U.S. Sen. Claire McCaskill was reluctant Wednesday to speak about Gov. Eric Greitens’ decision to step down as Missouri’s governor, but she had high praise for the woman who will continue investigating the allegations against him.
Jackson County Prosecutor Jean Peters Baker, a Democrat, will continue evaluating evidence that the outgoing governor photographed a woman without her consent in 2015, regardless of Greitens’ decision to resign effective Friday and St. Louis Circuit Attorney Kimberly Gardner’s decision to drop an unrelated case against the governor.
Baker began her career working as an assistant prosecutor under McCaskill, D-Mo., in the late 1990s.
“She’s a real prosecutor. She’s not a politician. She’s someone who has faced many juries in her career. She understands that there’s two important things — and only two important things — the facts and how the law applies to those facts, and I have confidence that’s what she’ll do in this instance.”
McCaskill downplayed the significance of Greitens’ resignation to her U.S. Senate campaign after a campaign event at the Union Hill Veterans Hall, 3027 Walnut St.
“I’m busy trying to make sure we’ve got civilized behavior in Washington these days … and I’ll leave Jeff City stuff to the folks who are representing Missourians in Jeff City,” she said when asked about whether Greitens’ departure from office would bring a more civilized tone to the Statehouse.
McCaskill said she looked forward to working with incoming Gov. Mike Parson, a former sheriff and state lawmaker who will officially be sworn in Friday.
“I know he’s somebody who’s had a long history of public service. I think maybe this instance might remind voters that sometimes the way to vet a candidate is through public service. He has served in both the House of Representatives and the Missouri Senate. Some people might even call him a ‘swamp-dweller,’ ” McCaskill said in reference to rhetoric that has been used by Greitens and President Donald Trump.
“I think that he knows the issues and I think that he will have a different attitude about working with people and I think that’s a positive thing.”
During the event, McCaskill touted her bipartisan work to pass legislation to help World War II veterans who were the subject of mustard gas experiments obtain their health benefits. She fielded questions from veterans in the crowd on issues including trade, health care and foreign policy.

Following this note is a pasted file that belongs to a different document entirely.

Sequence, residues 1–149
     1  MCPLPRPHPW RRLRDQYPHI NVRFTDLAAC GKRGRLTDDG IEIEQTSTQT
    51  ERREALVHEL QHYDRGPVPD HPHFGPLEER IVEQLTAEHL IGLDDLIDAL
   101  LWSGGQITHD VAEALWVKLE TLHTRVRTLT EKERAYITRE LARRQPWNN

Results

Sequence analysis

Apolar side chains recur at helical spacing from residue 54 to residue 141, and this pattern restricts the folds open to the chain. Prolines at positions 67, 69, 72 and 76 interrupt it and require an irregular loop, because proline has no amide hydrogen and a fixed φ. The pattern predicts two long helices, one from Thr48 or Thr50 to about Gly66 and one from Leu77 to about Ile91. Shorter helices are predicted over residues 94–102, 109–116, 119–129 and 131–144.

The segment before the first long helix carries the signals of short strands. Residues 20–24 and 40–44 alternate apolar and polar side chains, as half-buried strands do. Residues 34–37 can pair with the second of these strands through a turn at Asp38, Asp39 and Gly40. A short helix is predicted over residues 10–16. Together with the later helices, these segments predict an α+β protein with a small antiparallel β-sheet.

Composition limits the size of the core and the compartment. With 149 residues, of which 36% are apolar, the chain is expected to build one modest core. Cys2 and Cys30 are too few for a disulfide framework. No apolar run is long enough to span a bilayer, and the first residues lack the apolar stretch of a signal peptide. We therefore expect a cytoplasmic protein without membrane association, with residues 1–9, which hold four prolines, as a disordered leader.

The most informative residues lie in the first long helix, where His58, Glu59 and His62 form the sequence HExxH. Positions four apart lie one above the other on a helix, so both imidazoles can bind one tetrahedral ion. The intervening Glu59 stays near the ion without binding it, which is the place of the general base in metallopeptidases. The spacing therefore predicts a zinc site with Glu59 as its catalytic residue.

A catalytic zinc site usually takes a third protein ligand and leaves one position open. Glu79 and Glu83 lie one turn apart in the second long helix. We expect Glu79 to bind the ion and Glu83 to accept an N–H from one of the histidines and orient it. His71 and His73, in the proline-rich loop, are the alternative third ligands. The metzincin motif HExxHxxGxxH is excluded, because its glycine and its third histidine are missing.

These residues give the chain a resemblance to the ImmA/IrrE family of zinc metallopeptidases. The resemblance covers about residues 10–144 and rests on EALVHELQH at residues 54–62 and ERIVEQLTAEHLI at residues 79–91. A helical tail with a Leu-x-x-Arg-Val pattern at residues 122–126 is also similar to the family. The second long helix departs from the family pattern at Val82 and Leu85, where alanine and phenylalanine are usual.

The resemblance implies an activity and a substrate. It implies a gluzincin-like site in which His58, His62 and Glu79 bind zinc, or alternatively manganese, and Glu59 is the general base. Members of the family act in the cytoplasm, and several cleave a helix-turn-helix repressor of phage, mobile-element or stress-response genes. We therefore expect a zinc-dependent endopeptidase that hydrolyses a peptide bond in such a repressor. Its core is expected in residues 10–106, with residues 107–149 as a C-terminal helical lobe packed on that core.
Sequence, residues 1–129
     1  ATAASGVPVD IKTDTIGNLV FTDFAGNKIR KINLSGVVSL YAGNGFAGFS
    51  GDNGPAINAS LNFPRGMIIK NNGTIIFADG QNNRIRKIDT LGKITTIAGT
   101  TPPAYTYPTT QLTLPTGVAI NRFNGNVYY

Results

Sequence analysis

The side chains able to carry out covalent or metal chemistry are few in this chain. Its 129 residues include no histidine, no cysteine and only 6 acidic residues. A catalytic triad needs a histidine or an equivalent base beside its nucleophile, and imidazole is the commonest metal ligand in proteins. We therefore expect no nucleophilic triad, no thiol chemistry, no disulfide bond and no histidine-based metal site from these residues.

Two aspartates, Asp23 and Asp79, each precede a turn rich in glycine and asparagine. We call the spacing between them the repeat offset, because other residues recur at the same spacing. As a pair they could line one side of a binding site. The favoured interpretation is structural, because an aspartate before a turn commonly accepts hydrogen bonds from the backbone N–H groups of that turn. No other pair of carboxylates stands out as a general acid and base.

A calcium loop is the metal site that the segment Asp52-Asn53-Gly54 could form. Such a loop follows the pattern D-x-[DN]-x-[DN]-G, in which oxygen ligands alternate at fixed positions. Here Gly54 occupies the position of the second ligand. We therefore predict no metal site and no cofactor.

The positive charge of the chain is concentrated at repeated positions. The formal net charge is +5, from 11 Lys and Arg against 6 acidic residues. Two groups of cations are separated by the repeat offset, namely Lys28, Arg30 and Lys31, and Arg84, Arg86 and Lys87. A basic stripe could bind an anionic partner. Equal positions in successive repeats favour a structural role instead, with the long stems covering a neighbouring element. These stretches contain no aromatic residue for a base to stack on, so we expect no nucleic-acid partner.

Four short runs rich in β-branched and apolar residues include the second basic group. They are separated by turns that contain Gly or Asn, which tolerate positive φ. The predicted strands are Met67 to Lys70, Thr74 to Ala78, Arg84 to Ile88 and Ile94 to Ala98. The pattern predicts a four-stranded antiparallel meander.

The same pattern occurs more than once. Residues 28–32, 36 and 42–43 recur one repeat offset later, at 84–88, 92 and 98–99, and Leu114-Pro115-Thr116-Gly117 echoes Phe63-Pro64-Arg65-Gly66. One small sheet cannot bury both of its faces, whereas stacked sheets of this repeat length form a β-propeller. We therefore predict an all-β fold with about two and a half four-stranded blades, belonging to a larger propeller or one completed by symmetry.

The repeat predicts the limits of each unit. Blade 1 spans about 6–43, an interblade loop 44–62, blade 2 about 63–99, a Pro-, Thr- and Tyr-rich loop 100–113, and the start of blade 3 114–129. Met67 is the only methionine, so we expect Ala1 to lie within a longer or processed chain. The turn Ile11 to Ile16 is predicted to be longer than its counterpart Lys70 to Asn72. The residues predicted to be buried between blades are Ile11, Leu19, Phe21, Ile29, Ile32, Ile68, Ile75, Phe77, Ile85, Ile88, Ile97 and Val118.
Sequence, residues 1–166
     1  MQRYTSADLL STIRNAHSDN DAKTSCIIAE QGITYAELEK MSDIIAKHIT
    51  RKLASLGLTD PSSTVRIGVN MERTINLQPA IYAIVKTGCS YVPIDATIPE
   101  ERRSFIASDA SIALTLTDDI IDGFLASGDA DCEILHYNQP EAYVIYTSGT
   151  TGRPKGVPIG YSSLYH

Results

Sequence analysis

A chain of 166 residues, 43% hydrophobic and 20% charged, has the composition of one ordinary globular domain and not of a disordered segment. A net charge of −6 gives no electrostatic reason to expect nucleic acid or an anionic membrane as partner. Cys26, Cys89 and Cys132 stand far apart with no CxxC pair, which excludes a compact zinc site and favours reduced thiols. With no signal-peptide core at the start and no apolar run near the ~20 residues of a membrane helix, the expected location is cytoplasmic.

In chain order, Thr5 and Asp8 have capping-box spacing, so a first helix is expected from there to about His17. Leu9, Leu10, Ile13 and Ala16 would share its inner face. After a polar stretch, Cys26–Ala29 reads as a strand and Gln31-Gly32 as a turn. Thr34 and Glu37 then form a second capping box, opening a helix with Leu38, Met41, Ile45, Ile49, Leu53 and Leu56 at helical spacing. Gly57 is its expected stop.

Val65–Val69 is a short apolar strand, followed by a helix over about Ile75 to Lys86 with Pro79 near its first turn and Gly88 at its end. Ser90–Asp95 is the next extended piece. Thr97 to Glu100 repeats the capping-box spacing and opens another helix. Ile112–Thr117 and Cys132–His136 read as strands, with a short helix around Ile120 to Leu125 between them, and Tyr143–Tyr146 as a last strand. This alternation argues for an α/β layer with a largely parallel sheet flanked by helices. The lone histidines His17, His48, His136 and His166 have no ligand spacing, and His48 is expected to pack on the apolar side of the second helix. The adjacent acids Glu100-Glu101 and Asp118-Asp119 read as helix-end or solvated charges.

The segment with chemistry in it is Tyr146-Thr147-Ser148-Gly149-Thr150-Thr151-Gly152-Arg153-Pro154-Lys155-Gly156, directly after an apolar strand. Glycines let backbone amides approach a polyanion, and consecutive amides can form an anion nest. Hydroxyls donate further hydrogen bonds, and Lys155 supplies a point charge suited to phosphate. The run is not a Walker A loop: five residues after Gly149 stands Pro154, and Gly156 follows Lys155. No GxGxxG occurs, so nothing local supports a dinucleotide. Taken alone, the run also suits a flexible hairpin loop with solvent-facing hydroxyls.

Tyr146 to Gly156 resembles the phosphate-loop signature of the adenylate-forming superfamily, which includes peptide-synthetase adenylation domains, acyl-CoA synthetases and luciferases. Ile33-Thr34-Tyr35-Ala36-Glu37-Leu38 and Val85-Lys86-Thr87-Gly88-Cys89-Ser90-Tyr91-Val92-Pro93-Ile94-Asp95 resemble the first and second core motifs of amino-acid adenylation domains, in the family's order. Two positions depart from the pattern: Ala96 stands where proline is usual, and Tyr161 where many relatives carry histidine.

She also expressed concerns about Trump’s recent attacks on the FBI and Special Counsel Robert Mueller.
“We do not ask people in law enforcement to take an oath to protect the president. We ask them to take an oath to protect the Constitution, not the president. And he’s got that confused. He thinks they work for him,” she said.
Attorney General Josh Hawley, the top GOP recruit to face McCaskill, said that he thinks Mueller should "wind down" his investigation, which has lasted roughly a year.
"That’s the problem with these roving special prosecutors, they tend to go on and on... He should come forward with the evidence," he said.
McCaskill, a former Jackson County prosecutor, tore into Hawley for recently saying that he would stack his prosecutorial record up against hers.
“I’m fairly certain he’s never prosecuted anything,” McCaskill said. “I’m not sure he’s ever looked a jury in the eye and asked them to take away someone’s liberty. I’m not sure he’s ever held the hand of a victim, who then has to take the stand and go into some of the most difficult and painful recounting of facts that have happened in their lives.
"… He may have gotten elected to a political office where they handle appeals of prosecutors across the state, but to my knowledge Josh Hawley has never seen a jury up close and personal.”
Hawley said in a phone call that his office secured 70 convictions last year at the trial court level and that when appeal cases are included the number rises to nearly 400.
“She’s not a prosecutor. She’s just a hack politician… I think her criticisms are ridiculous and it’s what hack politicians do," Hawley said.
"I’ve sat with the victims of human trafficking who have been brought to this country against their will," he said, taking particular exception to McCaskill saying he hadn't held the hands of victims.
McCaskill said Hawley had mishandled investigations involving Greitens.
Hawley’s investigation into the governor’s use of a charity donor list contributed to the House investigation and a now-dropped criminal case in St. Louis, but McCaskill argued that Hawley should have launched a probe last year when the state’s Ethics Commission first penalized Greitens.
Hawley said he vigorously pursued the investigations against Greitens.